36 St. Mark's Place, New York, NY 10003 (b/n Second and Third Aves; map); 212-254-0180; totalepizza.com
Service: Hard to say. There was no one else in there when we went
Setting: 20-seat dining room with a classic pizzeria look
Must-Haves: Asparagus and ricotta cheese appetizer, "Totale" pizza
Cost: Pizzas top out at $13
Grade: Incomplete: the pizza we had was an A-, but it's hard to predict what you might encounter
If there's one thing that's been hammered into every serious eater's brain, it's that good food is made with good ingredients—and that since good ingredients invariably cost more money, the resulting food will be expensive. Or, at the very least, more expensive than an everyday version of that same food.
Exhibit A? Pizza. The pizza I regard as paradigmatic comes out of the ovens of Pizzeria Bianco (Phoenix), Motorino (Manhattan and Brooklyn), and the dearly departed Una Pizza Napoletana (come back soon, Anthony). The pizza that comes out of these ovens is phenomenal, but, we won't deny, a lot more expensive than chain pizza, or even run-of-the-mill independent pizzerias.
So when I read that Una Pizza Napoletana alumnus Gregory Ryzhkov was opening a wood-burning oven pizzeria on St. Mark's Place with Eli Halali (co-owner of the dollar pizza joint 2 Bros. right down the street), I was fascinated by the very idea of what Grub Street accurately called Totale's "mongrel lineage." After all, it was the ultimate clash of pizza cultures—generic, cheap pizza by the slice colliding with the individual handmade artisanal pizza culture personified by Bianco, Motorino's Palombino, and UPN's Mangieri.
And when I read that Ryzhkov was selling a 12-inch Neapolitan-style pie for as little as $7, I knew I had to hightail it to the East Village to see which partner was going to set the pizza agenda at Totale.
We wandered over to the simple storefront with the classic black-and-white tiled, pizzeria-as-bathroom motif. It was a stiflingly hot June afternoon, and Totale wasn't air-conditioned. Serious eaters, we have a problem—and so might the pizza. Pizzas are like human beings. They like to be surrounded by cool, dry air.
To make matters worse, Ryzhkov, manning both the oven and the tiny dining room all by his lonesome, told us he wasn't even open for lunch that day, that the oven wasn't hot enough yet—circumstances beyond his control.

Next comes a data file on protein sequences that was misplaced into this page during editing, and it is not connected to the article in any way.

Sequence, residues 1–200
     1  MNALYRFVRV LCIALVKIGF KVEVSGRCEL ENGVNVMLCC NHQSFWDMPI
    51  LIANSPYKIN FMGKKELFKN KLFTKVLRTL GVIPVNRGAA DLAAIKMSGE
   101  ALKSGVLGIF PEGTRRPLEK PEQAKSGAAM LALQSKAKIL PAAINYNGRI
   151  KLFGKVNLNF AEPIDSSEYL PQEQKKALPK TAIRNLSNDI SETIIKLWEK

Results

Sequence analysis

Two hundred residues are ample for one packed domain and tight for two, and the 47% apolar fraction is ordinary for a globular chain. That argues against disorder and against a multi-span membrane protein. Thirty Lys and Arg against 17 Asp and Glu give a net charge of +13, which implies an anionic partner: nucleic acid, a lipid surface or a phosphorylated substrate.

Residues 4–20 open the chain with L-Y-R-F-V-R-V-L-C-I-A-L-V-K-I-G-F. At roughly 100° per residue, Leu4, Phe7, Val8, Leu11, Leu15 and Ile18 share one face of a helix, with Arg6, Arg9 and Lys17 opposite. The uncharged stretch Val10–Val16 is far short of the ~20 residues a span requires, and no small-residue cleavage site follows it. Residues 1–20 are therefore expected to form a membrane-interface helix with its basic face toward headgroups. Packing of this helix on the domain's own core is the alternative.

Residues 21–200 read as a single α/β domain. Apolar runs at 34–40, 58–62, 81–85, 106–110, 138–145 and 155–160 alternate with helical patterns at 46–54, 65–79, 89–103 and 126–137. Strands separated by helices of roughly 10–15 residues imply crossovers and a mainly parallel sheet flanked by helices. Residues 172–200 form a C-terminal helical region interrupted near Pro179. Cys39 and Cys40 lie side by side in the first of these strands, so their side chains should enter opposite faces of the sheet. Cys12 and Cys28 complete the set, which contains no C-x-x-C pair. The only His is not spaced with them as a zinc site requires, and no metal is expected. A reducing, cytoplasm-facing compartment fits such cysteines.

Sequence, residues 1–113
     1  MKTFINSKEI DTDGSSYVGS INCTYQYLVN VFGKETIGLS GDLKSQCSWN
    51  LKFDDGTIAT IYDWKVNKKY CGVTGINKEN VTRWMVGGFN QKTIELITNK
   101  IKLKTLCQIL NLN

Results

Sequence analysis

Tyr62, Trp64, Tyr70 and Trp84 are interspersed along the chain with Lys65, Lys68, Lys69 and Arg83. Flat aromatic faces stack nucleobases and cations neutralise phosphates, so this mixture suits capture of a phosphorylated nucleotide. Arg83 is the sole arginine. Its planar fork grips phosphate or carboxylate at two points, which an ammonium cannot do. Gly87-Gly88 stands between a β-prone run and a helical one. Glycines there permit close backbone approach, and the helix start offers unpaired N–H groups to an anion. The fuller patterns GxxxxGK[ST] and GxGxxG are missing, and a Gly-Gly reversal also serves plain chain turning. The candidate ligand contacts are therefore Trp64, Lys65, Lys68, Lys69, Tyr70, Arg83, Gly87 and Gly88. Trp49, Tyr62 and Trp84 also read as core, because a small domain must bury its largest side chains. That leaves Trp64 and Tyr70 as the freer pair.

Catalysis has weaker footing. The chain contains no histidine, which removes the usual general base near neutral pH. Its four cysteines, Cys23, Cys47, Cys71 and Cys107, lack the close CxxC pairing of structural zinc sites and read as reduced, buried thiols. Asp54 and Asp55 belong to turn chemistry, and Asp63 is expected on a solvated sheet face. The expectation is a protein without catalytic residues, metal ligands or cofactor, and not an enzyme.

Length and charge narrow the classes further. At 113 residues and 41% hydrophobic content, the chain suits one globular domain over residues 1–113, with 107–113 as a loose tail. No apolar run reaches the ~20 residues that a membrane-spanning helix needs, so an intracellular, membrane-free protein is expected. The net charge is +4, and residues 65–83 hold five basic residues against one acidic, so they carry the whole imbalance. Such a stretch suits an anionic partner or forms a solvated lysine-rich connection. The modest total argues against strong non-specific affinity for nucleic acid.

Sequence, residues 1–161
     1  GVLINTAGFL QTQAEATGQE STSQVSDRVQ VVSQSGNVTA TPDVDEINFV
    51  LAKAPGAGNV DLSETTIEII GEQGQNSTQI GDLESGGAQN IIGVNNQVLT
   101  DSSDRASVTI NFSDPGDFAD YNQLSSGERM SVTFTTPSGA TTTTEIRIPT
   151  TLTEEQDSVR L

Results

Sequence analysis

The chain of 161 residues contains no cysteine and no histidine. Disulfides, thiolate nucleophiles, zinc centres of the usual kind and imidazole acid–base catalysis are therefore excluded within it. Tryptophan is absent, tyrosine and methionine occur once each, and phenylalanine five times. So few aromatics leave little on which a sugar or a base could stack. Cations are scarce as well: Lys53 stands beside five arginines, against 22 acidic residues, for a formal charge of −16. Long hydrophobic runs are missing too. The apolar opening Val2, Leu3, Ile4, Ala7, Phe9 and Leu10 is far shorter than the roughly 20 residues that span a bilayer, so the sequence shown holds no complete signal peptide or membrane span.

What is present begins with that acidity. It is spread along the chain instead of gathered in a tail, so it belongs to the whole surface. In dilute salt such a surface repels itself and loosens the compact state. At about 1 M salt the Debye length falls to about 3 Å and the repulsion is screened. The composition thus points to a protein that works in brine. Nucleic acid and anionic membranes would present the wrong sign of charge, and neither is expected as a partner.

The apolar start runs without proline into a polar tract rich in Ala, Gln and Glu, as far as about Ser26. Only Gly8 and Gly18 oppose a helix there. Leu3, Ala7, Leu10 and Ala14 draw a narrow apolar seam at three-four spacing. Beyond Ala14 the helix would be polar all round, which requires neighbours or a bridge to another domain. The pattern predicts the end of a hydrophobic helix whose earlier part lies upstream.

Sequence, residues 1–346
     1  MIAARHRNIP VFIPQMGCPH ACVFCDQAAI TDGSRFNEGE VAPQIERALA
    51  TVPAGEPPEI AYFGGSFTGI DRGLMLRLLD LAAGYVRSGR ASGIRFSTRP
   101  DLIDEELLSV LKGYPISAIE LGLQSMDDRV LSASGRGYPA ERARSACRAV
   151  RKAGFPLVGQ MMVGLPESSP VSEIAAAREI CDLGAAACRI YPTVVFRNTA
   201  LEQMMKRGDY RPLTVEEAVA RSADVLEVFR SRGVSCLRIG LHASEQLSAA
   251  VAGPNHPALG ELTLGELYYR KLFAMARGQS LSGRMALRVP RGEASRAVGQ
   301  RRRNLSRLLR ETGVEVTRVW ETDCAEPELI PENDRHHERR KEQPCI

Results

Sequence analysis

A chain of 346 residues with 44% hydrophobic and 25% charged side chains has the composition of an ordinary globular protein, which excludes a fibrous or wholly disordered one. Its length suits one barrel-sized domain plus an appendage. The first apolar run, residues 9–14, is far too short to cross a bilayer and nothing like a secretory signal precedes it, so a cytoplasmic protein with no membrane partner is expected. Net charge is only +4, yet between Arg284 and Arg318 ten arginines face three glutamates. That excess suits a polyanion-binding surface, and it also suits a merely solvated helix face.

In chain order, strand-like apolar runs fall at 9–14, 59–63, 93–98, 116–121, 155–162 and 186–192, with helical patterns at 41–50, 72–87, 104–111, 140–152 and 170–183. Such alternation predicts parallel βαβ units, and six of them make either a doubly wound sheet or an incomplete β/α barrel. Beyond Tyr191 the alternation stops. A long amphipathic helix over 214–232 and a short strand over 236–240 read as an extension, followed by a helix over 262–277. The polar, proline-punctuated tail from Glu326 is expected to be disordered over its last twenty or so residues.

We asked him how long we would have to wait for pizza. Half an hour, we were told. We decided to wait it out, knowing full well we would be getting a steam bath fully clothed in the interim. I was not feeling optimistic at that moment—but my fears were quelled by the food that really did start to appear a half hour after we sat down.
The first thing to come out of the oven were some pencil-thin local asparagus with a little pile of fresh ricotta beneath them. Simple, delicious, and worth their seven dollar price tag. A simple Greenmarket-sourced arugula and parmigiana salad was similarly tasty and fresh and even more of a bargain ($5).
There are only six pies on Totale's menu, all squarely in the UPN tradition; sourdough crust, nicely charred, and cloud-light, though perhaps a little breadier and heavier and wetter than Anthony Mangieri's pies. The simple crust on the Pizza Marinara ($7, pictured above) had the least amount of rise, but it was the perfect starter pizza. Consider it your appetizer pie. The Margherita ($9) was a little wetter than Mangieri's. In fact, with its soupy center, it was more authentically Neapolitan than any other Totale pie.
Olives elevated the Bianca (made with mozzarella and ricotta cheeses, $11) and gave it a much-needed bit of meatiness. The Prosciutto and Rucola pie ($11) had the same arugula from the salad; it was draped with slices of proscuitto, which Ryzhkov seemed to run down the street to fetch after we ordered this pizza.
So many artisanal pizzerias around the country pay homage to Bianco's transcendent (and original) Rosa pie, made with red onion, Arizona pistachios, Parmigiano Reggiano, and fresh rosemary; Ryzhkov's version, which he calls the Totale ($10), is most certainly his best pizza. He substitutes Pecorino Romano for the Reggiano, and pine nuts for the pistachios, with stupendous results. The Totale is the one must-order pie at Totale.
So what should serious eaters make of Totale? I have no idea if Totale is going to make it. I'm not sure if Ryzhkov knows how to run a successful business with or without Halali—and let's face, it they are strange pizzafellows. The location—the skeevy stretch of St. Mark's between Second and Third—might not help, either.
But we should be rooting for the two pizza mongrels to figure it out. Because if they do, New York will have a bargain artisanal pizzeria shouting about—and in these economic hard times we need all the seriously delicious bargains we can get.
Update: Totale's pizzas in fact are 12" in diameter, and not 10" as I first reported. Totale co-owner Eli Halali also wanted everyone to know that the air conditioning is now working.